What are some alternative ways to dose MMJ?

If you’re unfamiliar with alternate ways to ingest your MMJ products, here’s a rundown of a few options.

1. Edibles

Cannabis-infused foods are one of the most popular ways patients consume their medical marijuana. Most dispensaries carry everything from cannabis brownies and chocolate bars to gummies and mints. Plus, because you can purchase cannabis butter or oil, you can infuse lots of different foods yourself. This can be a great way to get your MMJ dose without smoking. However, it’s important to note that edibles can take a while to kick in (because they have to be digested), so don’t be tempted to eat more if you don’t feel the effects right away. Some edibles might have an even stronger psychoactive effect, so it’s important not to overdo it.

2. Teas

There are lots of different beverages on the market with marijuana in them. You can try fun options like lemonade or cold-brew coffee, or stick to a slightly healthier choice like tea. You can infuse tea at home with THC as well if you’d like to experiment with your own brewing.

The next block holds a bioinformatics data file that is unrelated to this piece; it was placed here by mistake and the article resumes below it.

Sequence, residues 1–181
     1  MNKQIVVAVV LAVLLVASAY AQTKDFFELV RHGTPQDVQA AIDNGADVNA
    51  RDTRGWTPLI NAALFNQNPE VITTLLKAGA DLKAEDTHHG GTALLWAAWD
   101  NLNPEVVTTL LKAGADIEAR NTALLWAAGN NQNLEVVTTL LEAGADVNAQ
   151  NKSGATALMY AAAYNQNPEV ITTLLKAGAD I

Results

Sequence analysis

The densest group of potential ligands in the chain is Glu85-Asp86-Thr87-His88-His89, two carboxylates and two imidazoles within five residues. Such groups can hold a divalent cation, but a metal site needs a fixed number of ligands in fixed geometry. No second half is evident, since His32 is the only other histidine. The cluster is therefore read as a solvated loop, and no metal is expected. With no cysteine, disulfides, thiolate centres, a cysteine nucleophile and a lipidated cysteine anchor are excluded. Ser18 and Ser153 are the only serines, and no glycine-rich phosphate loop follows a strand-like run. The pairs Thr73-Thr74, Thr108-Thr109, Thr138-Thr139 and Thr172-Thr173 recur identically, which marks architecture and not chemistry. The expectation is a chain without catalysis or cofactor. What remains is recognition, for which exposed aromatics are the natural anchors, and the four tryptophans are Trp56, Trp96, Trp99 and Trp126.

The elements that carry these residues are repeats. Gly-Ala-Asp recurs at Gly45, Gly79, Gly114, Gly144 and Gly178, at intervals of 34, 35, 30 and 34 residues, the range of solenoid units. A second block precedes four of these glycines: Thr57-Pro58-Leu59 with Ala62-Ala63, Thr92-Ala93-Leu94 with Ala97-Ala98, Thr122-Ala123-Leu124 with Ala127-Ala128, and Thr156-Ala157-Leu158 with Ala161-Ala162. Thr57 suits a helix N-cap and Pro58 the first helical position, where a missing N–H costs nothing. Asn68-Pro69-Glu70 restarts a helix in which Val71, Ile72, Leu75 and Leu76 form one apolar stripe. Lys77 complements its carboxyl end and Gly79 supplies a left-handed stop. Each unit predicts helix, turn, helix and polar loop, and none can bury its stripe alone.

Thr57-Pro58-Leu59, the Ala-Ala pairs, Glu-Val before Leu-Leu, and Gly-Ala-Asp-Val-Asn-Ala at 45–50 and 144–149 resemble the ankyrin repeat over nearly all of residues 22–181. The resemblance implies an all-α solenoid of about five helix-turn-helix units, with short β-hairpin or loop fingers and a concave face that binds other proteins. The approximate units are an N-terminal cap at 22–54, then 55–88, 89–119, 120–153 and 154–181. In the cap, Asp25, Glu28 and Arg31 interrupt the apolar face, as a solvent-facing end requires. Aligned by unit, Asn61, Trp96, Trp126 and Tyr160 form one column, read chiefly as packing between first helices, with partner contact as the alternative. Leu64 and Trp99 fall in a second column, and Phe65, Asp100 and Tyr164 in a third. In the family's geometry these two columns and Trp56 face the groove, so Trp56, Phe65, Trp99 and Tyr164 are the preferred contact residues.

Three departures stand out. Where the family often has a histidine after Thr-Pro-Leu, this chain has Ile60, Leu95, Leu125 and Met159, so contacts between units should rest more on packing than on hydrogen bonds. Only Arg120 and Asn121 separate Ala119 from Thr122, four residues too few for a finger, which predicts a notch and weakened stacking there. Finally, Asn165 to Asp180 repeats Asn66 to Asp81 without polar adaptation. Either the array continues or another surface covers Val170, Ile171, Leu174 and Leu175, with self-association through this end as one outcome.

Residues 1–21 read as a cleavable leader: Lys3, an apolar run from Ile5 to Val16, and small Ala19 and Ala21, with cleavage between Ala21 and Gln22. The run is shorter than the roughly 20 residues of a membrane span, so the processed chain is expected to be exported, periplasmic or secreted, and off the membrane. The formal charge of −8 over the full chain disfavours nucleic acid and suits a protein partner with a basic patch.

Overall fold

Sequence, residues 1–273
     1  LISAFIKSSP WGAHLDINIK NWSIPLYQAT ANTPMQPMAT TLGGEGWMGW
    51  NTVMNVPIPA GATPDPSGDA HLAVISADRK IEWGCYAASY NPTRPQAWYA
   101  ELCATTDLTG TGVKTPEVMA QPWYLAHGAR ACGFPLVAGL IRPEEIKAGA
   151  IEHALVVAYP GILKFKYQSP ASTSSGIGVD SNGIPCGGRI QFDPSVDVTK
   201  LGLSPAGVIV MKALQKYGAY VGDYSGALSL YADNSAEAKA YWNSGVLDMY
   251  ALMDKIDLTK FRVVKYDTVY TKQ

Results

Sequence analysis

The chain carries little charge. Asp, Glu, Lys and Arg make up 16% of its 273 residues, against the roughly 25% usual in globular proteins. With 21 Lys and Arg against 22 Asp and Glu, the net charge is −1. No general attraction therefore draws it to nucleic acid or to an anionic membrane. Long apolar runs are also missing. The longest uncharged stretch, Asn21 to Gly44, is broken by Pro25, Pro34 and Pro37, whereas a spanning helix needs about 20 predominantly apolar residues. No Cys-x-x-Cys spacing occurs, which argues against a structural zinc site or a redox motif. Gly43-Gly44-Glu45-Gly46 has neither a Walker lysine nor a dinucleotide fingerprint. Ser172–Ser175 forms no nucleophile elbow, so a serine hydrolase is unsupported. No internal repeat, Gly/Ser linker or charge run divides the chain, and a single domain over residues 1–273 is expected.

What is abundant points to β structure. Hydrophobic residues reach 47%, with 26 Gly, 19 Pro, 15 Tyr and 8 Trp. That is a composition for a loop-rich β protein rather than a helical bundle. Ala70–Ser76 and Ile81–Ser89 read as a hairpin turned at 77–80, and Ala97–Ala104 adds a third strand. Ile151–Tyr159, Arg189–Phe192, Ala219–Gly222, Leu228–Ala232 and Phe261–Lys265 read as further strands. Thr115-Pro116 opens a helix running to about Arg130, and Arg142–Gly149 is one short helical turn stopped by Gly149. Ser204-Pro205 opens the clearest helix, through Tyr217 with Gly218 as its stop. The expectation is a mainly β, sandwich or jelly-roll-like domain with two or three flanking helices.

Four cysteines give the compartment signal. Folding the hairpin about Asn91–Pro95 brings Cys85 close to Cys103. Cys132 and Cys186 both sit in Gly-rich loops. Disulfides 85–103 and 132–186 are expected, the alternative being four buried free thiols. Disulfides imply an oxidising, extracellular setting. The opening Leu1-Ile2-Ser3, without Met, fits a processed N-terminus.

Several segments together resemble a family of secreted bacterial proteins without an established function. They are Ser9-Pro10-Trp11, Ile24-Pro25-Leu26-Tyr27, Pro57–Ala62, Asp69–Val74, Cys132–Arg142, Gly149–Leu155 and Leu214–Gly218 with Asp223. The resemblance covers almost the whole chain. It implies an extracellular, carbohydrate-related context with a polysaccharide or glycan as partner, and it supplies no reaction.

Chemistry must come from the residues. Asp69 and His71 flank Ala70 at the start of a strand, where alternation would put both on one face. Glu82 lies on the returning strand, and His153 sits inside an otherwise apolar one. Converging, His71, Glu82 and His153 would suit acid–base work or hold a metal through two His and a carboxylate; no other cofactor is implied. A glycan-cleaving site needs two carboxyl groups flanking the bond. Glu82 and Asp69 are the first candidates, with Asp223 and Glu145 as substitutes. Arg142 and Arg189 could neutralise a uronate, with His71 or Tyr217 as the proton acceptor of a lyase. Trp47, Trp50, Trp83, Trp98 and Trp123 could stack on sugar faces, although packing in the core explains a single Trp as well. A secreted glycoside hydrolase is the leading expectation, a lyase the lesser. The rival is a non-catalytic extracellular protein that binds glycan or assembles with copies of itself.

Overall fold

3. Tinctures

Tinctures are infused liquids that extract cannabis compounds using an alcohol soak. They’re then applied directly under your tongue. Tinctures are very fast-acting since they enter the bloodstream immediately. This means they’re a great option for quick relief and can be easier to control the dose. There are also tons of flavors and potencies available, so it should be fairly easy for you to find a product that works for your needs. There are ways you can make your own tinctures at home too. If you’re experiencing loss of appetite or nausea, tinctures can be an easy way to get your MMJ dose without having to eat something.

 

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Image by Margo Amala on Unsplash: Anything from an edible (like a cookie) to an ingestible oil can be an alternative MMJ dosing method.

4. Ingestible oils

Basically, ingestible oils are any cannabis concentrate that you can consume orally. Many come in pill form (in capsules or plastic applicators), which means you can swallow them or add them to your food or drinks. Similar to edibles, ingestible oils can take a little while to kick in, so you have to be careful about the dose you’re consuming.

5. Topicals